As the sky got light and the moon got covered by clouds, I was sure I was going the right way but still had that voice in the back of my head throwing out his fucking two- cents worth now and then: “You haven’t seen anyone, you must not be on the camino”, “You may be on the path, but you’re going the wrong direction”….This is one way, it seems to me, codependency manifests itself.
That voice in the back of my head knows I didn’t look at the map. So the voice in the back of my head is questioning my knowledge, my insecurities. And it’s right, I had deferred responsibility to Cormac, I should have taken a look at the map when he told me he’d be leaving early. So the voice in the back of my head is just trying to protect me from harm, the unknown- as I mentioned I didn’t consult the map so he had some foundation for telling me I was a fool. But again, it’s the scared little child throwing rude comments my way. I reasoned with him, and we made peace. I continued on.
For the hell of it I stopped to look at the GPS. I found that the camino is actually marked on the map. As I was checking it out, who should walk up but Cormac who had lended up leaving after me since the Portland girls had given me an early wake up call. We wandered into Najera together and had breakfast after crossing the requisite bridge into the town. A pilgrim who had walked through the night to experience walking the camino under a full moon stumbled in to have a cafe con leche and we spoke to him briefly about his adventure.
We walked out of Najera, and all of a sudden we were in the hills. In a short time we got to the crest and looked over the other side into a long wide open valley. We walked for 8 more kilometers of rolling hills, wheat, some vines. We hit Azofra, another small town where we stopped for a break and met two Californians we chatted with for a little while.
Speaking of underwear, I had my doubts about my underwear selection for the walk. I packed 4 pair of Ethika underwear (2 pair were given to me by a lovely woman I know, and I bought the other two). They’re tight fitting, snug. I was taking a chance though, I thought they may be too warm, make me sweat in…we’ll you get the picture. Fact is, they were the perfect choice. They don’t make me sweat, they’re comfortable, and they feel good. So, if you’re going to hike across Spain, even in the middle of summer…
We left Azofra and were quickly into walking through wheat fields and rolling hills. After a few miles we came to a guy selling fruit, cokes, etc by the side of the road. Anna and Pasquel were there and Anna told how one of the woman at the auberge we stayed at the night before (the one who I spoke with while waiting to get into the auberge, and who had kindly brought my pack inside for me when the auberge opened early and Cormac and I were at the local cafe) had gotten a call saying her daughter had died in a car wreck.
When I heard this, I was overwhelmed, I couldn’t even breathe, I started choking and spitting up coke. Cormac had to slap me on the back. I had to walk away. I was crying. I realized I had related this story to myself. I too have lost a daughter. She is twelve, almost a teen so she does have some attitude. But she has been distanced, I feel, from me by other things, beyond my control.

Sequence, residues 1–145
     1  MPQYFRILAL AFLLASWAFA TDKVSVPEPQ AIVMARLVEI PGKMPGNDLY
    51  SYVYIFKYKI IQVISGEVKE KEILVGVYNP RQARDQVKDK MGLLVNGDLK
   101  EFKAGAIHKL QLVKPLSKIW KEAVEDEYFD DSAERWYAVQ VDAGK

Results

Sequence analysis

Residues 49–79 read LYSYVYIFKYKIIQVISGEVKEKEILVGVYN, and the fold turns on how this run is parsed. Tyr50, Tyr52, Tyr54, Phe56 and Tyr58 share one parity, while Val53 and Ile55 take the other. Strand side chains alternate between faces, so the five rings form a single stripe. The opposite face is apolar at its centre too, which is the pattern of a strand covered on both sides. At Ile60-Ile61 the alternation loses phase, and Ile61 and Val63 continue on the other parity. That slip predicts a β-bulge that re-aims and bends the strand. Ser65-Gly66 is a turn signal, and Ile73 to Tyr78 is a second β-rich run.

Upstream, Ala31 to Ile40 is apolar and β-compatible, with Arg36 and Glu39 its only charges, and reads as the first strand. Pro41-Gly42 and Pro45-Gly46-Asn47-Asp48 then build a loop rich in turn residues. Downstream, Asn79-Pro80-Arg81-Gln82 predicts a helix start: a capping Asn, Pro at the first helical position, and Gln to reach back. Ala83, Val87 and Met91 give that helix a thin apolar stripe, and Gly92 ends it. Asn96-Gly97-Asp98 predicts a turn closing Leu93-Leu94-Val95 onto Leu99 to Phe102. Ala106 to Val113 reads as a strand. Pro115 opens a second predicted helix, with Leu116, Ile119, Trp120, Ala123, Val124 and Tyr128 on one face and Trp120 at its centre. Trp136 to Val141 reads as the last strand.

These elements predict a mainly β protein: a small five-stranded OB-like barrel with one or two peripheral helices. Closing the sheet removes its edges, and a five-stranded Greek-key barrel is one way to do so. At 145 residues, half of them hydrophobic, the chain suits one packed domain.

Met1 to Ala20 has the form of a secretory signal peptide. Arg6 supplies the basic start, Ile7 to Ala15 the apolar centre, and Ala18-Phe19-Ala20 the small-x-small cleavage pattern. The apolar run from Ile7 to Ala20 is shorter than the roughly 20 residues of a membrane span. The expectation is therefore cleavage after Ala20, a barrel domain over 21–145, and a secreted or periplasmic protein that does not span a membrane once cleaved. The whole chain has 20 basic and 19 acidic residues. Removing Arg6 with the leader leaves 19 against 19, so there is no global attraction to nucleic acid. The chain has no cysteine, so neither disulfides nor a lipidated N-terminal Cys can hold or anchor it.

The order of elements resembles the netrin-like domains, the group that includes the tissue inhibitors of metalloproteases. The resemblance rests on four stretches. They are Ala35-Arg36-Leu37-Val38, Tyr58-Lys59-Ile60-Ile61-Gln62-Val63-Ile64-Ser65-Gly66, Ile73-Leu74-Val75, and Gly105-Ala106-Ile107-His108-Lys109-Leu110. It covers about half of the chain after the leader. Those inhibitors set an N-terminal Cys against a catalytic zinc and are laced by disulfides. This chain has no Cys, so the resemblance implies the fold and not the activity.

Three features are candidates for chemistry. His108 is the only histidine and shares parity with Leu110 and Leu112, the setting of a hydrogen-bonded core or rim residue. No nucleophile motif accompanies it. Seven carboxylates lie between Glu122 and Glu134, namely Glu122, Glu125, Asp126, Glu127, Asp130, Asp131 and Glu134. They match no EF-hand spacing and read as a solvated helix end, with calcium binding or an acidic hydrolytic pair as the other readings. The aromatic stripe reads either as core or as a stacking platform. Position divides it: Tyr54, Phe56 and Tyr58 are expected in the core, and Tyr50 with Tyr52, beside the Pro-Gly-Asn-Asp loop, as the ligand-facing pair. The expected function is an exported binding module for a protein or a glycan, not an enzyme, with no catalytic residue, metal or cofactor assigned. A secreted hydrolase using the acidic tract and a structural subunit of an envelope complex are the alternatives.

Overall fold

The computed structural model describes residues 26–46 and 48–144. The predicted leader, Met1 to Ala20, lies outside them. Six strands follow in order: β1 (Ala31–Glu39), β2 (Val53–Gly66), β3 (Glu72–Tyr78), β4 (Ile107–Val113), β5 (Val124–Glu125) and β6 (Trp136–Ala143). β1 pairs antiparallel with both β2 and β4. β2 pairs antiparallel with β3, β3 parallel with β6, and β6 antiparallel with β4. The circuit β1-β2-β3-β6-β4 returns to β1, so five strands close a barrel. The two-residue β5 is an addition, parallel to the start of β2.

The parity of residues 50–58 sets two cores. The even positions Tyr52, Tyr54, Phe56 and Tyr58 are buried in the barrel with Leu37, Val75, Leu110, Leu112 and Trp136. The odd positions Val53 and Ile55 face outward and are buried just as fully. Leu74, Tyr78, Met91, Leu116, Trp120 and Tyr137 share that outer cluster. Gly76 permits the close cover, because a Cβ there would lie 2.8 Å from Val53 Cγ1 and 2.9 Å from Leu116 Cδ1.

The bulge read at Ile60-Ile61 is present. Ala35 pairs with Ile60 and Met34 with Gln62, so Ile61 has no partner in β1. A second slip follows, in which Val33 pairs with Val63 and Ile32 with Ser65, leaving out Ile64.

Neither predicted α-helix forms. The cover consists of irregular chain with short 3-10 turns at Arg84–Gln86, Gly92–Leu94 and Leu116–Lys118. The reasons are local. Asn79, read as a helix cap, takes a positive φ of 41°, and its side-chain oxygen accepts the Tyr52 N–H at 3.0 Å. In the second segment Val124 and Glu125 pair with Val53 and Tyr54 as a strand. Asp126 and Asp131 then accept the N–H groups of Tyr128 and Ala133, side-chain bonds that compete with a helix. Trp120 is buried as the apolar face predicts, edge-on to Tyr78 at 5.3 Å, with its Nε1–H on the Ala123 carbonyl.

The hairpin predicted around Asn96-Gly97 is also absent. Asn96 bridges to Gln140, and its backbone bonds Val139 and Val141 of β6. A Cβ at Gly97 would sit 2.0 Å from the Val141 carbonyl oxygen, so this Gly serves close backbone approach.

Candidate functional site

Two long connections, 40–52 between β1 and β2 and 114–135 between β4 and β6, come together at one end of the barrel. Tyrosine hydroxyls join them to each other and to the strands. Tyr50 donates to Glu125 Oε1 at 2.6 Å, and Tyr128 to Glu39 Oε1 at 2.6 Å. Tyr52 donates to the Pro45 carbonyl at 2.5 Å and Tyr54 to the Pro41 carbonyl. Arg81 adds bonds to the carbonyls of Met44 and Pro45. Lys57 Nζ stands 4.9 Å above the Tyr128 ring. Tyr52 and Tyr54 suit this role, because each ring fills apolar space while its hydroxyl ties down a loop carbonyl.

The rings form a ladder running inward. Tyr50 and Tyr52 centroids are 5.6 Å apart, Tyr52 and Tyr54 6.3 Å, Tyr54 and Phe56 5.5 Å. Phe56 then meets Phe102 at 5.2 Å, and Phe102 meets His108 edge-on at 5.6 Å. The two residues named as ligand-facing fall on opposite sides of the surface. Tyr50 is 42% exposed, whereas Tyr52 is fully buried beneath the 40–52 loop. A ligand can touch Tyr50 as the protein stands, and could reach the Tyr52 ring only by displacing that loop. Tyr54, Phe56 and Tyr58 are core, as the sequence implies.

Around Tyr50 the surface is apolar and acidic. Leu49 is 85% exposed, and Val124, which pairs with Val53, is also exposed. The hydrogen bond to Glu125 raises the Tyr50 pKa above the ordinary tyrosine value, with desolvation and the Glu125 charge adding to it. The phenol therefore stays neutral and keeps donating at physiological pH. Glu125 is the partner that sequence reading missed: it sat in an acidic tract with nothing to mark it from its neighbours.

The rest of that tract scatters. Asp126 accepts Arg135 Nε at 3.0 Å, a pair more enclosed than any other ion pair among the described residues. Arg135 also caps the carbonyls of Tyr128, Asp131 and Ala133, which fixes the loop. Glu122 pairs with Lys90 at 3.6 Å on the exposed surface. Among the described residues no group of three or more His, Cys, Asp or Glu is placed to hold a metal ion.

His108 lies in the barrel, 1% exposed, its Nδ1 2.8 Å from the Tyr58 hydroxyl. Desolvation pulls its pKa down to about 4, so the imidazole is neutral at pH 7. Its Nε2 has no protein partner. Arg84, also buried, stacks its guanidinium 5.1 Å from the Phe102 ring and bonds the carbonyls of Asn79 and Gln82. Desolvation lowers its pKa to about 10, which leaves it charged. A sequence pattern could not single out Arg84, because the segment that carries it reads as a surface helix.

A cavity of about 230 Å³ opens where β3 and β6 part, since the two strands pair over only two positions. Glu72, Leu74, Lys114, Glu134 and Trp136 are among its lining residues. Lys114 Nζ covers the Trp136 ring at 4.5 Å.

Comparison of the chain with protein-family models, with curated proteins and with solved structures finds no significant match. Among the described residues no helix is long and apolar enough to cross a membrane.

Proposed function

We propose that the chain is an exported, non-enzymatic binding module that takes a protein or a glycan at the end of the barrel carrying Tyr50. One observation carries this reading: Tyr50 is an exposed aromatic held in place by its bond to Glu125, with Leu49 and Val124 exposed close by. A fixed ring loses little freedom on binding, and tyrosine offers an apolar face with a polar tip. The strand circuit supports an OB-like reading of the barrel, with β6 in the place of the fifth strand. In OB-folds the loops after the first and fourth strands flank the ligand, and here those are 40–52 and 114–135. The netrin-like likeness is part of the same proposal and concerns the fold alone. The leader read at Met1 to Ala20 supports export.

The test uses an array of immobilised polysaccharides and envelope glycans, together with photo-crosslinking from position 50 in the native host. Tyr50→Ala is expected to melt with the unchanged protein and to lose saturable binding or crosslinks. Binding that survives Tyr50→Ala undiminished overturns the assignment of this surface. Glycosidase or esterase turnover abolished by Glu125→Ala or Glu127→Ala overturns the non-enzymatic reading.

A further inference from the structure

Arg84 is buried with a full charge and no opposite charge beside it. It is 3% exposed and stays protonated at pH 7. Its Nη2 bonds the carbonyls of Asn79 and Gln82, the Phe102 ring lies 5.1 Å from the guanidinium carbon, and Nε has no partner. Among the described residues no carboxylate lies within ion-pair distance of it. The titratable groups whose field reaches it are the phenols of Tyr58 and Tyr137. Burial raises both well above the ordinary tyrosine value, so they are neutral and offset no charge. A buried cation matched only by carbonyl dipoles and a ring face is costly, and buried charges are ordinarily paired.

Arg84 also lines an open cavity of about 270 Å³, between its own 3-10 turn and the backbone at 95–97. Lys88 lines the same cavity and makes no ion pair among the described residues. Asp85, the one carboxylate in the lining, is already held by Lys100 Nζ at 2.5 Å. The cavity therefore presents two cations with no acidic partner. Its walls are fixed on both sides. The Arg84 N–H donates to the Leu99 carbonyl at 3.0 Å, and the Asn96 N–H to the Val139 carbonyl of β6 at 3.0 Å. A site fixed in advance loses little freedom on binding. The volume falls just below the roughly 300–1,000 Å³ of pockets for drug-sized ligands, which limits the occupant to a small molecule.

Amanda had told me that I would have to make peace with my daughter and mend my relationship with her before I could move forward with my life. And I know she’s right again. So another one of my main objectives for coming out here was to reflect on that, come to terms with it, and figure out how to proceed. Hearing this story out here seemed yet another way for the camino to nudge me in the right direction.
We left there and walked a relatively straight shot thorough more wheat fields. Finally we got to Cireuna. We walked through a few tracts of houses that looked relatively new, but abandoned like out of some twilight zone episode. It was the first city I had ran across in Spain that felt sad. Sad and desolate.
We kept walking, still it seemed that no lived in this crazy sad town, it was like the city didn’t want any people there and no people sure as hell wanted to be in that city. But we finally did find one place open for lunch. There was one woman manning the bar (and making the food I think) who had the personality of a bag of hammers. In fact, when I ordered she didn’t even acknowledge me, so I figured it was a 50/50 shot I would even get any food. It did arrive, and was actually quite a good chorizo sandwich, although later I questioned the wisdom of having chorizo in the middle of walking 25 kilometers on a 95 degree day.
We ran into Mike and Diane, who we had met in Azofra earlier in the day. They were the first Americans I had come run across, besides the Portland girls. They had some roots in the South Bay where I’m from, so we had something in common. They weren’t walking the entire camino, but had walked a section before. It felt good touching base with someone from the states.